TIGA, EGDF Demand More Support from EU

August 17, 2011 -

UK video game industry trade group TIGA has joined forces with members of the European Games Developer Federation (EGDF) to voice its concern that the new EU funding programs planned for media and culture and for research and innovation for 2013 - 2020 do not place "sufficient emphasis" on the video game development sector. The groups voiced their concerns at Gamescom this week in Cologne, Germany.

Citing Canada and several states in the U.S., TIGA pointed out that government tax credits and other financial measures in Europe have failed to materialize. Further, they point out that "video game development can engender new business models, create innovative content and drive groundbreaking technological discoveries with positive spillover effects for other sectors."

"Game developers are typically high-tech SMEs, yet very few of them qualify for EU support. European game developers compete globally against highly subsidised competitors," said Dr Richard Wilson, TIGA's CEO. "It is time for EU policy makers to power our high technology, highly skilled, export focused industry forward and embrace the digital era."

TIGA and the EGDF recommend that the European Commission introduce measures that support the video game development sector, including:

- a new definition of innovation including innovations related to content, services, and business models;

- an SME-quota for EU RTD projects so that at least 50% of the funding goes to SMEs;

- balanced EU funding schemes for SMEs between loan guarantees and prototype development / IP creation funding;

- a threshold, for example, by placing the maximum EU contribution per project to about five million euros; and

- direct and concrete support and consultation for SMEs, for example by using a network of Media Desks throughout Europe.

TIGA and the EGDF also call for reforms to the new "Creative Europe programme" that combine European support for interactive, audiovisual and textual art with advocacy for measuring and securing a "strong variety of content that reflects the cultural values and traditions of member states," that adds an independent pillar for video games in the program, and adds "substantial" game prototype development / IP creation support.


 
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Papa MidnightIt's not bad so far, but I am honestly not sure what to make of it (or where it's going for that matter)07/28/2014 - 9:44pm
Matthew Wilsonis it any good?07/28/2014 - 9:36pm
Papa Midnight"Love Child" on HBO -- anyone else watching this?07/28/2014 - 9:27pm
MaskedPixelanteNah, I'm fine purple monkey dishwasher.07/28/2014 - 4:05pm
Sleaker@MP - I hope you didn't suffer a loss of your mental faculties attempting that.07/28/2014 - 3:48pm
MaskedPixelanteOK, so my brief research looking at GameFAQs forums (protip, don't do that if you wish to keep your sanity intact.), the 3DS doesn't have the power to run anything more powerful than the NES/GBC/GG AND run the 3DS system in the background.07/28/2014 - 11:01am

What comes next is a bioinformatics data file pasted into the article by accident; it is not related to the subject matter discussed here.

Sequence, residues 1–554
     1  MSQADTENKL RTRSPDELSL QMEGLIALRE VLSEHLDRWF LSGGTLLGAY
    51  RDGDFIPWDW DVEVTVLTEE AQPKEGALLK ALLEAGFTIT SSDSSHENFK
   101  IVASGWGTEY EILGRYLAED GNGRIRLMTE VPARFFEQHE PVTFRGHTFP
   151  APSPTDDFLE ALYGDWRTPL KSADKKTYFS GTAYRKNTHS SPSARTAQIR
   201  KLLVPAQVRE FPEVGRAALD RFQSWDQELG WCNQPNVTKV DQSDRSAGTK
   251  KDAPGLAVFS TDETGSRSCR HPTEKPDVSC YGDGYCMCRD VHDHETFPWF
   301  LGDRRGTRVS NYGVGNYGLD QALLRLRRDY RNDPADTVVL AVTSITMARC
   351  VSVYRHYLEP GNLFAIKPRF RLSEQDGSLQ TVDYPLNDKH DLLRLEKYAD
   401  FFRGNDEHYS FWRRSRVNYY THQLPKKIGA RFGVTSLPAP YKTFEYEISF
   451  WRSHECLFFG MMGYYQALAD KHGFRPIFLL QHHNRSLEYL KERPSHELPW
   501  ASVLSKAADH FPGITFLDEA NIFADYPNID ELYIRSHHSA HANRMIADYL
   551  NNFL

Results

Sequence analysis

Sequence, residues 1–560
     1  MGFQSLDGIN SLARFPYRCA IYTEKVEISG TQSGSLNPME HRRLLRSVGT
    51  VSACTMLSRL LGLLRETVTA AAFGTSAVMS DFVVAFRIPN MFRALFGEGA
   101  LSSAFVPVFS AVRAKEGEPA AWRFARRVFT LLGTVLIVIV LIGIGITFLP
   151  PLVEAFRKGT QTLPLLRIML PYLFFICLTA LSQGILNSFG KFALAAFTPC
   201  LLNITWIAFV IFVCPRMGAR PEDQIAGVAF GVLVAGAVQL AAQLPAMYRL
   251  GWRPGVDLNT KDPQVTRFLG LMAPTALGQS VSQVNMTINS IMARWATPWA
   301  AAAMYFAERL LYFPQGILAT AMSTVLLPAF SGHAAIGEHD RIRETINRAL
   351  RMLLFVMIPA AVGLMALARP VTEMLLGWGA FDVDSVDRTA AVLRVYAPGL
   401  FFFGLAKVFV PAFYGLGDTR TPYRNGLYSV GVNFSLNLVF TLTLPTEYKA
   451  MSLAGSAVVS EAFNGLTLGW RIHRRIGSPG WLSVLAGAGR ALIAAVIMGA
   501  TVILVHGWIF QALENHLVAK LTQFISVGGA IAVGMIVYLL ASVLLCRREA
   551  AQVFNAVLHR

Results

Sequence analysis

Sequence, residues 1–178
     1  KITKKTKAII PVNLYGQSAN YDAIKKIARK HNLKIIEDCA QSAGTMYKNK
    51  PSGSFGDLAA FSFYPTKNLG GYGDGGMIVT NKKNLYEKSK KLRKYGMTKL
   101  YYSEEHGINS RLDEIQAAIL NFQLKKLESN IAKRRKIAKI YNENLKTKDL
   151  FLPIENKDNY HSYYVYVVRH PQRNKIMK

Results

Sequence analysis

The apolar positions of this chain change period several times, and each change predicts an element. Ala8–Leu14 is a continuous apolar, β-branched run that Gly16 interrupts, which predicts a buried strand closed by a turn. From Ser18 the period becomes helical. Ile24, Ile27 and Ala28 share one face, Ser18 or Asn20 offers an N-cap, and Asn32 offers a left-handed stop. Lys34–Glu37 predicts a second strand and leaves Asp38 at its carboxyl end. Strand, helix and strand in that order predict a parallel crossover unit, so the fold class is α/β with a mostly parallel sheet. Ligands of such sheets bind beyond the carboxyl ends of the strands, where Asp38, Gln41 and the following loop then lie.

ZenMatthew, the 3DS already has GBA games in the form of the ambassador tittles. And I an just as curious about them not releasing them on there like they did the NES ones. I do like them on the Wii U as well, but seems weird. And where are the N64 games?07/28/2014 - 10:40am
james_fudgeNo. They already cut the price. Unless they release a new version that has a higher price point.07/28/2014 - 10:19am
E. Zachary KnightMatthew, It most likely is. The question is whether Nintendo wants to do it.07/28/2014 - 10:12am
Matthew WilsonI am sure the 3ds im more then powerful enough to emulate a GBA game.07/28/2014 - 9:54am
Sleaker@IanC - while the processor is effectively the same or very similar, the issue is how they setup the peripheral hardware. It would probably require creating some kind of emulation for the 3DS to handle interfacing with the audio and input methods for GBA07/28/2014 - 9:30am
Sleaker@EZK - hmmm, that makes sense. I could have sworn I had played GB/GBC games on it too though (emud of course)07/28/2014 - 9:23am
E. Zachary KnightSleaker, the DS has a built in GBA chipset in the system. That is why it played GBA games. The GBA had a seperate chipset for GB and GBColor games. The DS did not have that GB/GBC chipset and that is why the DS could not play GB and GBC games.07/28/2014 - 7:25am
IanCI dont think Nintendo ever gave reason why GBA games a reason why GBA games aren't on the 3DS eshop. The 3DS uses chips that are backwards compatable with the GBA ob GBA processor, after all.07/28/2014 - 6:46am
Sleakerhmmm that's odd I could play GBA games natively in my original DS.07/28/2014 - 1:39am
Matthew Wilsonbasically "we do not want to put these games on a system more then 10 people own" just joking07/27/2014 - 8:13pm
MaskedPixelanteSomething, something, the 3DS can't properly emulate GBA games and it was a massive struggle to get the ambassador games running properly.07/27/2014 - 8:06pm
Andrew EisenIdeally, you'd be able to play such games on either platform but until that time, I think Nintendo's using the exclusivity in an attempt to further drive Wii U sales.07/27/2014 - 7:21pm
Matthew WilsonI am kind of surprised games like battle network are not out on the 3ds.07/27/2014 - 7:01pm
Andrew EisenWell, Mega Man 1 - 4, X and X2 are already on there and the first Battle Network is due out July 31st.07/27/2014 - 6:16pm
 

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